II. Except in a medical emergency as specifically defined in paragraph III, no health care provider shall knowingly perform, induce, or attempt to perform an abortion upon a pregnant woman when the probable gestational age of her fetus has been determined to be at least 24 weeks or in the absence of a determination by a physician pursuant to paragraph I as to the fetus’ probable gestational age.
III. For the purposes of this subdivision only, “medical emergency” means a condition in which an abortion is necessary to preserve the life of the pregnant woman whose life is endangered by a physical disorder, physical illness, or physical injury, including a life-endangering physical condition caused by or arising from the pregnancy itself, or when continuation of the pregnancy will create a serious risk of substantial and irreversible impairment of a major bodily function, as defined in RSA 329:43, V, of the pregnant woman.
I. Any health care provider who performs an abortion under this subdivision shall report, in writing, to the medical facility in which the abortion is performed the reason for the determination that a medical emergency existed. The health care provider’s written report shall be included in a written report from the medical facility to the department of health and human services. If the abortion is not performed in a medical facility, the health care provider shall report, in writing, the reason for the determination that a medical emergency existed to the department of health and human services as part of the written report made by the health care provider to the department. The health care provider and the medical facility shall retain a copy of the written reports required under this section for not less than 5 years.
329:46 Criminal Penalties. Any health care provider who intentionally or knowingly performs or induces an abortion in violation of this subdivision shall be guilty of a class B felony and shall be fined not less than $10,000 nor more than $100,000, or both.
329:47 Civil Remedies.
I. The woman, the father of the fetus if married to the mother at the time she receives an abortion in violation of this subdivision, and/or, if the mother has not attained the age of 18 years at the time of the abortion, the maternal grandparents of the fetus may in a civil action obtain appropriate relief, unless the pregnancy resulted from the plaintiff’s criminal conduct or, if brought by the maternal grandparents, the maternal grandparents consented to the abortion.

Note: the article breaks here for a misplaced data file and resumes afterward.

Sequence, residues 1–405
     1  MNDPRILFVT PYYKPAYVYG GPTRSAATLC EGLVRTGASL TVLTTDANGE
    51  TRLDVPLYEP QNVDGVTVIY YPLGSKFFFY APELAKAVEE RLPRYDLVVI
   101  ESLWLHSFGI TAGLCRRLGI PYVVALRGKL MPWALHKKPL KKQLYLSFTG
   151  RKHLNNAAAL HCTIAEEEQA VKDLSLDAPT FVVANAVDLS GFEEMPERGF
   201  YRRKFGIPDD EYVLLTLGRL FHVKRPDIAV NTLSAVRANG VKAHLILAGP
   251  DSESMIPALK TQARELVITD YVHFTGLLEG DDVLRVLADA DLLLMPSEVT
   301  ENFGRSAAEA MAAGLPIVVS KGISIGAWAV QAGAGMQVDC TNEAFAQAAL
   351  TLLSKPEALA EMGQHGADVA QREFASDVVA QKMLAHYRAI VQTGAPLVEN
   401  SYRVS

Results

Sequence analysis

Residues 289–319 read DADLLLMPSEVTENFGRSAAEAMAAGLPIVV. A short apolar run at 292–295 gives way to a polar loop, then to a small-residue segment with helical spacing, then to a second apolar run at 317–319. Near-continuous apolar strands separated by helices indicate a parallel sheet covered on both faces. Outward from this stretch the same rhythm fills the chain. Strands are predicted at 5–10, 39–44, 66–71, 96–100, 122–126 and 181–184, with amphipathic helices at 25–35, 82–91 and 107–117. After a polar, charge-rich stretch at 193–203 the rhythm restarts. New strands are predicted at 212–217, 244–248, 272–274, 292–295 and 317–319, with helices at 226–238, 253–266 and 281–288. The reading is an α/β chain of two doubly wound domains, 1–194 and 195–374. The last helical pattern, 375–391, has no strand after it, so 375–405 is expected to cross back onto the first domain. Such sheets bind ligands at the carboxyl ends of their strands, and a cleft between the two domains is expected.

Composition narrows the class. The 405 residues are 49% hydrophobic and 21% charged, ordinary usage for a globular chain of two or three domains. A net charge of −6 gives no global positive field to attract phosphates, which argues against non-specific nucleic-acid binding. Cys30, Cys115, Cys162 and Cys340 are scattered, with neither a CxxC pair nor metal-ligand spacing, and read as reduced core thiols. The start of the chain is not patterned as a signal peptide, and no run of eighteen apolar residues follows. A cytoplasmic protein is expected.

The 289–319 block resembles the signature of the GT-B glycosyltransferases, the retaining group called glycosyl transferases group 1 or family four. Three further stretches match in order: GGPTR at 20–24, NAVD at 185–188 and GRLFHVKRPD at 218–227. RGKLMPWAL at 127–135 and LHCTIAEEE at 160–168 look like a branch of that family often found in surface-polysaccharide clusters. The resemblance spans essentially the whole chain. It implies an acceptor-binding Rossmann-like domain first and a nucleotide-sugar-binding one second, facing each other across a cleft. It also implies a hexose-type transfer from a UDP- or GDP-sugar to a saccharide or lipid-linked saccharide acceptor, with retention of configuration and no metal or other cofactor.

II. Such relief shall include monetary damages for all psychological and physical injuries caused by the violation of this subdivision.
329:48 Review by New Hampshire Board of Medicine.
I. A defendant health care provider accused of violating this subdivision may seek a hearing before the board of medicine as to whether the health care provider’s conduct was necessary to save the life of the mother whose life was endangered by a physical disorder, physical illness, or physical injury, including a life-endangering physical condition caused by or arising from the pregnancy itself; and/or as to whether the continuation of the pregnancy would have created a serious risk of substantial and irreversible impairment of a major bodily function, as defined in RSA 329:43, V, of the pregnant woman.
II. The findings on this issue are admissible at the criminal and civil trials of the defendant. Upon a motion of the defendant, the court shall delay the beginning of the trial for not more than 30 days to permit such a hearing to take place.
329:49 Construction. Nothing in this subdivision shall be construed as creating or recognizing a right to abortion.
329:50 Severability. If any provision of this subdivision or the application thereof to any person or circumstances is held invalid, such invalidity shall not affect other provisions or applications of the subdivision which can be given effect without the invalid provision or application, and to this end the provisions of this subdivision are declared to be severable.
HB 625-FN- FISCAL NOTE
FISCAL IMPACT: [ X ] State [ ] County [ ] Local [ ] None
Estimated Increase / (Decrease)
[ X ] General [ ] Education [ ] Highway [ ] Other
This bill prohibits a health care provider from performing an abortion if the gestational age of the fetus is at least 24 weeks unless there is a medical emergency. This bill contains a penalty that may have an impact on the New Hampshire judicial and correctional systems. There is no method to determine how many charges would be brought as a result of the changes contained in this bill to determine the fiscal impact on expenditures. However, the entities impacted have provided the potential costs associated with these penalties below.